Super speeders initially had a good defense boost from their power to compensate for its inherently dangerous use. After all, running fast in a game doesn't give you good reactions; so frequently you'd bump into badguys, or run too close to them, and the devs countered this vulnerability by adding a totally understandable defensive bonus. You're moving fast... you're hard to hit. Makes sense to me! This, however, allowed people, especially playing the ranged-offensive class to attack very powerful enemies and kill them quickly without being killed. Rather than make the defense boost speed-dependent (not hard to do, In Dawn of war, I can use speed to determine what animation plays, I imagine they can figure out something similar--lag wouldn't be an issue there anymore than it is for any other power), they changed the power to make a character partially invisible. This made some sense (moving fast...hard to see? Except I'm glowing orange), but resulted in more strange behavior. A player could stand next to enemies without being detected; not moving quickly, just standing still. When combined with other forms of partial invisibility, the player could move with impunity through nearly any environment, and could leverage this behavior, in combination with attacks which prevented enemies from retaliating. No accuracy penalty, and the power never cost even half as much as fly did.
Superjump was never touched, as far as I know, it was as cheap as superspeed, could leap well enough to scale nearly any vertical object, and was nearly as fast as superspeed--more importantly it could be as fast as superspeed with enough enhancement, whereas flight would always be slower. Finally there was teleport, which was far more costly, but the fastest means of travel available, and, before several changes to prevent teleporting past walls or through buildings, the best power in terms of dealing with terrain.
These powers made the experience in many ways, since freedom of movement is one of the most visible power fantasies one can communicate, not to mention game-balance friendly. After all, to be Superman and invulnerable is difficult to balance from a developer point of view, but if you want to balance a flier, you can just make enemies better at dealing with his special power (or capable of flight themselves). OF course, the devs never did any of that to fix flight, but I'll get to that in a moment.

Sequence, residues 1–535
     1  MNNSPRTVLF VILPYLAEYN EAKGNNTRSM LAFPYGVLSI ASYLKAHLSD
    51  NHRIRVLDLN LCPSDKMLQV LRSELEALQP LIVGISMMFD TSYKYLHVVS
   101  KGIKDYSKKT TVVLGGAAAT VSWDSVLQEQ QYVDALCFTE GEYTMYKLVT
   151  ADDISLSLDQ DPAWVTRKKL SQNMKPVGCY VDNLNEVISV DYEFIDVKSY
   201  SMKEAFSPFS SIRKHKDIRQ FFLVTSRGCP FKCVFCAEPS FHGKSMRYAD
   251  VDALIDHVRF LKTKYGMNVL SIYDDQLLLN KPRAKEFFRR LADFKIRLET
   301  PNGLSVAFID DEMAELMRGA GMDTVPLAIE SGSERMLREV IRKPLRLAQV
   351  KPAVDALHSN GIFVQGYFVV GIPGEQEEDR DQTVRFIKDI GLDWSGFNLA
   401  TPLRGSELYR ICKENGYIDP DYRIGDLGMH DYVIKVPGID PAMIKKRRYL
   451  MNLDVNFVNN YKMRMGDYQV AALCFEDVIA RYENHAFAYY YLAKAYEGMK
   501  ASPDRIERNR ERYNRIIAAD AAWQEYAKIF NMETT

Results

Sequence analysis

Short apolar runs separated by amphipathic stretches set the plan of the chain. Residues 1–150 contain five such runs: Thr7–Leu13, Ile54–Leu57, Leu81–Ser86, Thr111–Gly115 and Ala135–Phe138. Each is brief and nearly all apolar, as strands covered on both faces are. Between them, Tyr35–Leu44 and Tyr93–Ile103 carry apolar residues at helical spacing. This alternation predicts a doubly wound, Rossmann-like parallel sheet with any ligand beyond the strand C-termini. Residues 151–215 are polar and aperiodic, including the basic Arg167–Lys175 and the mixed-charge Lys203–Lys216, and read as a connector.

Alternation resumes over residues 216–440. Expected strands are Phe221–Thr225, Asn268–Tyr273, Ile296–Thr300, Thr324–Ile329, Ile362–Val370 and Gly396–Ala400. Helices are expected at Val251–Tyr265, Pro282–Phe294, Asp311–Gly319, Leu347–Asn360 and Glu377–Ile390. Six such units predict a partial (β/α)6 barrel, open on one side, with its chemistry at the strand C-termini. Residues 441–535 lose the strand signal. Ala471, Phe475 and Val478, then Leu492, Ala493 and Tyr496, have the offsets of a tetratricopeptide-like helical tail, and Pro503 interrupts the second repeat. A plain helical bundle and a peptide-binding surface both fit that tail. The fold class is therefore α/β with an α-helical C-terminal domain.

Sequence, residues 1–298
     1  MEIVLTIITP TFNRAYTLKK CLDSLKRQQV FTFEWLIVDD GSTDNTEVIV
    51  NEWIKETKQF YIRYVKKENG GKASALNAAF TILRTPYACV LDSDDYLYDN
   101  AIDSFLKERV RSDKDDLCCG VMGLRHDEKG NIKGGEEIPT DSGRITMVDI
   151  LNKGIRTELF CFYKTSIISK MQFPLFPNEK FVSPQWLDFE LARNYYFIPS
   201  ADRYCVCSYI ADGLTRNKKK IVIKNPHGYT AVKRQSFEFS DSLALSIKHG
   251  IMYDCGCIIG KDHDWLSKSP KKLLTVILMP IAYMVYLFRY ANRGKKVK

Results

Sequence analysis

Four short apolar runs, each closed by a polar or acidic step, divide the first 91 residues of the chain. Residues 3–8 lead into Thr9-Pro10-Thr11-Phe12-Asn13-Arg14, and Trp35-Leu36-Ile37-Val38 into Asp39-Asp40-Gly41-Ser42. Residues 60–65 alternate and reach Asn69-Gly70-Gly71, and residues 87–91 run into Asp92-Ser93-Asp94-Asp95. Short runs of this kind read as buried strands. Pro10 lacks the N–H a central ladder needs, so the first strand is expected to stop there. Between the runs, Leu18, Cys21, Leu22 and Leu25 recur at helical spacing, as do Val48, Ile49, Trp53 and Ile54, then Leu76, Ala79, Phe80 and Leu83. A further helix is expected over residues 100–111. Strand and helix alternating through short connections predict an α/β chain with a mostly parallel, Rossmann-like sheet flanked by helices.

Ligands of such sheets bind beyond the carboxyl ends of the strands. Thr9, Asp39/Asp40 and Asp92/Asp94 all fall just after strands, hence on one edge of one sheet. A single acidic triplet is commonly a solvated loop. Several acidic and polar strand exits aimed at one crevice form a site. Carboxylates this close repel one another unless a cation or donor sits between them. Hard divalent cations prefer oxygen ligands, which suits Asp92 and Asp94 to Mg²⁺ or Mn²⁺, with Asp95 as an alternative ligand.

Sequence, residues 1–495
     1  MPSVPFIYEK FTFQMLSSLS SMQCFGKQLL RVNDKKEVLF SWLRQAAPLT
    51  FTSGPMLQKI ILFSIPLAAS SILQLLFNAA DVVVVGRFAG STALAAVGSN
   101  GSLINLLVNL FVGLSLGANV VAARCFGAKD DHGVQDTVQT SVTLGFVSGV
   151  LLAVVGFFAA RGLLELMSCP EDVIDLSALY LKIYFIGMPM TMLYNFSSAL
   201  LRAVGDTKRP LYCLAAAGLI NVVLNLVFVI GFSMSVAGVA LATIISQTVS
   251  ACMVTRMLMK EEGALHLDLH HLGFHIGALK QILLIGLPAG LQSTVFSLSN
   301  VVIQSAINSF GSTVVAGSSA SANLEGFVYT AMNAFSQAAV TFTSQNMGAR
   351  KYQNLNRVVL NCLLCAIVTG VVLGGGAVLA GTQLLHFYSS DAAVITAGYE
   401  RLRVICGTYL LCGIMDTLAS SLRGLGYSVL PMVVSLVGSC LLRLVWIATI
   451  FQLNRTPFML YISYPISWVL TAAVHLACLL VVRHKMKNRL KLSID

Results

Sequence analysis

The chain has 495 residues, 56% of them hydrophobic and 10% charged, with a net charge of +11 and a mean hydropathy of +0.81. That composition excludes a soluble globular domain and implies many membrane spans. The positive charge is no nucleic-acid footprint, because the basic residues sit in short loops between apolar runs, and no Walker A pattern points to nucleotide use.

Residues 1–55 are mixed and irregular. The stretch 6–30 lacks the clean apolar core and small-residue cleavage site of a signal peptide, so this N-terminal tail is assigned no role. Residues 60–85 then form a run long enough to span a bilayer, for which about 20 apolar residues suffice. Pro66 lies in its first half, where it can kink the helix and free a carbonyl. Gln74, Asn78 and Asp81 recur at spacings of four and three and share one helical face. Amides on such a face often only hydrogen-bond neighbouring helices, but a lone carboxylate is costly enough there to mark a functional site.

MMO gaming design should have rules, but it doesn't. I'm not in the position to make absolute axioms, but I have several suggestions in this vein. 1) A MMO should never reduce gameplay to nodal interactions. This is a temptation by developers, since discreet interactions between abstract nodes in formulaic ways are the most resilient to lag. If player node is x distance away, allow it to apply formula to monster y's hitpoints. In Dark Age of Camelot, this is the totality of interaction. Facing and positioning have nothing to do with the interactions which occur, it is merely enough to set yourself into combat mode, use your handful of straight-forward abilities until it appears you will lose (a determination which must be made early) or until you have won. At which point you assess your resources (abstract data stored on the node). Instead nodes should exist in a system. Ideally, when a player uses a power or ability, it should create a physics-based movement or projectile in the game which the server then tracks through its lifespan until it fades out, is used up, or impacts some valid target or surface. Usually people will say this is impossible, but at the very least Coh used player and enemy collision, essentially making this true half the time, and putting some control in the players hands by allowing them to physically bar movement, and affect enemies with power which were centered on the player in a systems-based way. Furthermore, enemies could trap a player, offering the player interesting choices as to how to avoid such a fate or escape from one when in it. In practice it made the gameplay far more exicitng. Couple this with generous jumping and movement abilities at a basic level, which helped the player feel superhuman, and the game was fundamentally more interesting than others in the genre. 2) Disengagement penalties are bad. The player should not be penalized from trying to avoid combat. While they are in range of a foe, they are vulnerable, and escaping that range should not be tedious or overly difficult, and it should be speedy enough so that the player moves beyond pursuit range in a short amount of time. This allows a player to avoid a feeling of helplessness when being defeated, helps keep the gameworld seemless, and allows the player to utilize more tactics and strategy when fighting enemies; since the main player-controleld metric ina n automated combat system is distance, control over this metric makes more interesting choices. The best way to do this is to make no arbitrary distinction whatsoever about combat. The game should not know what combat is, only about attacks, defense, and defeat. 3) If the players are enjoying something, they're the best determinants of whether it is fun, not you. If you wish to change player behavior, use positive reinforcement only. Negative reinforcement is for education. This is entertainment.